Freshman Phenom Brandon Miller Is Ready To Finally Race The Nation's Best
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If you would have been there at Turner Stadium in Humble, Texas, on August 3, 2016, you would have witnessed the exact moment Brandon Miller went viral. On a scorching hot day at the AAU Junior Olympic Games, the 14-year-old ran the 800 meters faster than everyone else at the meet, including 17-year-old Cameron Cooper, a senior-to-be who would go on to run the second-fastest U.S. high school indoor 800m just six months later. Beyond that, though, you would have seen Miller, with a near two-second negative split, run the fastest 800m performance ever for a 14-year-old.
And in that moment you would have realized this scary fact about Brandon Miller's 1:51.23--it could have been even faster.
Even with months to go before he starts his sophomore year, Miller just needs a competitive race to show what he's truly capable of against the nation's best. He'll finally get that chance this weekend in Seattle.
In a field chock-full of upperclassmen and seven athletes with faster PRs, the freshman has an excellent shot to topple both the 15-year-old age group world record and the Missouri state mark at the Brooks PR Invitational.
A St. Louis native, Miller has dominated the AAU circuit for years. No, maybe that's not quite it. "Dominated" doesn't fully encapsulate exactly how superior he has been in his age group. Since 2011, when Miller was 9, he's won every AAU national title in both the 800 and 1500 and only failed to break the national record once out of 12 tries. His tear through the middle distance scene has resulted in 11 AAU records in races that he's essentially running by himself. Miller's average margin of victory in the 800 and 1500 at the AAU Junior Olympics from 2011 to 2016 has been 6.67 and 14.74 seconds, respectively. He has yet to meet a match among his age-group peers.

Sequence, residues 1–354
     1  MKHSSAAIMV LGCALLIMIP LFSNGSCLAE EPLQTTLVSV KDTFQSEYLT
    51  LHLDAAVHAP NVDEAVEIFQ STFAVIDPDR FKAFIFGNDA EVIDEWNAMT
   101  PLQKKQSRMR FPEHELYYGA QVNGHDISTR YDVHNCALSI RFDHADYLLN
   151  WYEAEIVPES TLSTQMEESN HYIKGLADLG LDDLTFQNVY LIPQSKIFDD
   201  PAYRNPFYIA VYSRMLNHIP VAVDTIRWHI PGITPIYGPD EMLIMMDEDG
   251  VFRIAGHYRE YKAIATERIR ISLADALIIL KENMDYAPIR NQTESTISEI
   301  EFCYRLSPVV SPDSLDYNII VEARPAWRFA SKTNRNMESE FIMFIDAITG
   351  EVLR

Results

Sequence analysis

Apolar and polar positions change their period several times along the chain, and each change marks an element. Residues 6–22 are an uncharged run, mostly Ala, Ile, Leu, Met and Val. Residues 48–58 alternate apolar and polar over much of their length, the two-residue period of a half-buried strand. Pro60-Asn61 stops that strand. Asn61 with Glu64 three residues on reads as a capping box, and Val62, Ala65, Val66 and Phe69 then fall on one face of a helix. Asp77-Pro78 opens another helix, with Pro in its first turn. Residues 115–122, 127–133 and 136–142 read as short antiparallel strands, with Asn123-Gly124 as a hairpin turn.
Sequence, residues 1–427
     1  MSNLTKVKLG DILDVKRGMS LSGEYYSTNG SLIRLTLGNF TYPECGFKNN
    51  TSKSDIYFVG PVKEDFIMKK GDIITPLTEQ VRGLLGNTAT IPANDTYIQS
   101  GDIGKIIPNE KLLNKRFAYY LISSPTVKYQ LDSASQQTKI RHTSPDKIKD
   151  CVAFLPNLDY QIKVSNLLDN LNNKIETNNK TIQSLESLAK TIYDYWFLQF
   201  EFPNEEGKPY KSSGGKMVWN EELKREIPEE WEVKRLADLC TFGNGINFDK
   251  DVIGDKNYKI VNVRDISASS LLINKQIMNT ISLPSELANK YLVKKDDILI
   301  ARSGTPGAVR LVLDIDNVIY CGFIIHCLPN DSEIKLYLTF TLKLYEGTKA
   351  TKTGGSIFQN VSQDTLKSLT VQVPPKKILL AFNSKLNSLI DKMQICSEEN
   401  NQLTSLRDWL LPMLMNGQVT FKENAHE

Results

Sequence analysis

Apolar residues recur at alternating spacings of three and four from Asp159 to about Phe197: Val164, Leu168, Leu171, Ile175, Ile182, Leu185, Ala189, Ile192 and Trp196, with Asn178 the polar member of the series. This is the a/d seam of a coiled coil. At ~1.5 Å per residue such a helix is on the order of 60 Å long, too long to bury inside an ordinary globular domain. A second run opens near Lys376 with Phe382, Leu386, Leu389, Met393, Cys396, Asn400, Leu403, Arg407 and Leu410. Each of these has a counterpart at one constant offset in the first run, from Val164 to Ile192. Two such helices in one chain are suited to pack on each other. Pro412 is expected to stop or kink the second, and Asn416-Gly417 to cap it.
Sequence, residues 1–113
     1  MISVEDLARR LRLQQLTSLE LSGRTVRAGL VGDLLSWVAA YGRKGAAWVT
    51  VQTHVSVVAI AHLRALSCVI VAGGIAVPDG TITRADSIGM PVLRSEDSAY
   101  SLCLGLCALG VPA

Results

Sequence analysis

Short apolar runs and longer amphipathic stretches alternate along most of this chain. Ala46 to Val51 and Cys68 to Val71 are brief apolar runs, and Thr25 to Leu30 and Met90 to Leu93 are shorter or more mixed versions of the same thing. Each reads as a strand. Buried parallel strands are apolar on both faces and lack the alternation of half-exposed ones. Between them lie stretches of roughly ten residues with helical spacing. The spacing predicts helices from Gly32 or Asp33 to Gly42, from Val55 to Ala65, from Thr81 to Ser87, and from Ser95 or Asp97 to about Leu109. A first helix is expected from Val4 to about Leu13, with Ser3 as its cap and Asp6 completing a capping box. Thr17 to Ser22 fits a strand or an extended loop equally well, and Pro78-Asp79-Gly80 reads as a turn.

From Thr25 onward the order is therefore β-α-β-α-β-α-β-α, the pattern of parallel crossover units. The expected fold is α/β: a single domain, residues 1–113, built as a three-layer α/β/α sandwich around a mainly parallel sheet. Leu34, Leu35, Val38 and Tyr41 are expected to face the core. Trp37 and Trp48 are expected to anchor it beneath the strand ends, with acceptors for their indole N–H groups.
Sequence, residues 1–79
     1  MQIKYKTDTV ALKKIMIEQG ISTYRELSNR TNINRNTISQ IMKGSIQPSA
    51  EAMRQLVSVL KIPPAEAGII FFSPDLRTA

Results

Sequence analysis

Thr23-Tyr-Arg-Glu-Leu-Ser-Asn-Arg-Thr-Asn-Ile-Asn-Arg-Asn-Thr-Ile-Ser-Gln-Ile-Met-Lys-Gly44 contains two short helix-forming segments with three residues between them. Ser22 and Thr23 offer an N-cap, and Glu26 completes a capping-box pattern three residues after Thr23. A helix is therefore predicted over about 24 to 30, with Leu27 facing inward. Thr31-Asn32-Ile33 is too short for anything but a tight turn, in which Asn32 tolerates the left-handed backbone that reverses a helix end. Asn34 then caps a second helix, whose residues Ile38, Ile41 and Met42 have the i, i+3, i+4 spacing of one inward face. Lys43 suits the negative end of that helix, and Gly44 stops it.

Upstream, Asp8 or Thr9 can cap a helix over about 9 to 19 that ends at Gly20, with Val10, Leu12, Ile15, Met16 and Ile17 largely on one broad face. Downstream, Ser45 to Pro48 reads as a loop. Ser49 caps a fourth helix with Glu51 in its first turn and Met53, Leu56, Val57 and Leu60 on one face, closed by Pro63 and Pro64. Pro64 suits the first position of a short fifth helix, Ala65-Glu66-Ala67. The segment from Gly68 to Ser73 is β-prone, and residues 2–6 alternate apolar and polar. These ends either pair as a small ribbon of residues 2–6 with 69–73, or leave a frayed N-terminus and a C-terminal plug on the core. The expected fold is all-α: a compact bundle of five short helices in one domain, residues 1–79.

Brandon Miller Timeline (Age 9 - 14)
**= Age group world record
Not surprisingly, Miller had a spectacular freshman campaign this spring for John Burroughs High in St. Louis. His undefeated season not only culminated in a Class 3 Missouri state team title for John Burroughs--with Miller's winning contributions in the 800m, 4x200, 4x400, and 4x800 serving as the catalyst--but also another blistering 800m that came attached with more superlatives: fastest among all Missouri classes and a freshman national record. The 1:50.84 Miller ran on May 27 broke Michael Granville's 1:51.03 from 1993, which aside from the obvious parallel implication (Granville has the U.S. high school national record, 1:46.45), put a new trio of elite 800m records on high alert.
By the end of the summer, Miller has a chance to break the overall AAU national record (1:49.78), the 15-year-old age group world record (1:49.72), and the Missouri state record (1:49.54).
Both the state mark and the AAU national record hold some extra significance for Miller. Fellow St. Louis track star and current Texas Tech All-American Charles Jones owns both records, and the two Missouri half-milers are close friends. "Blood couldn't make us any closer," is the phrase Miller uses to describe his relationship with Jones, who set the state record in June of his senior year in 2014.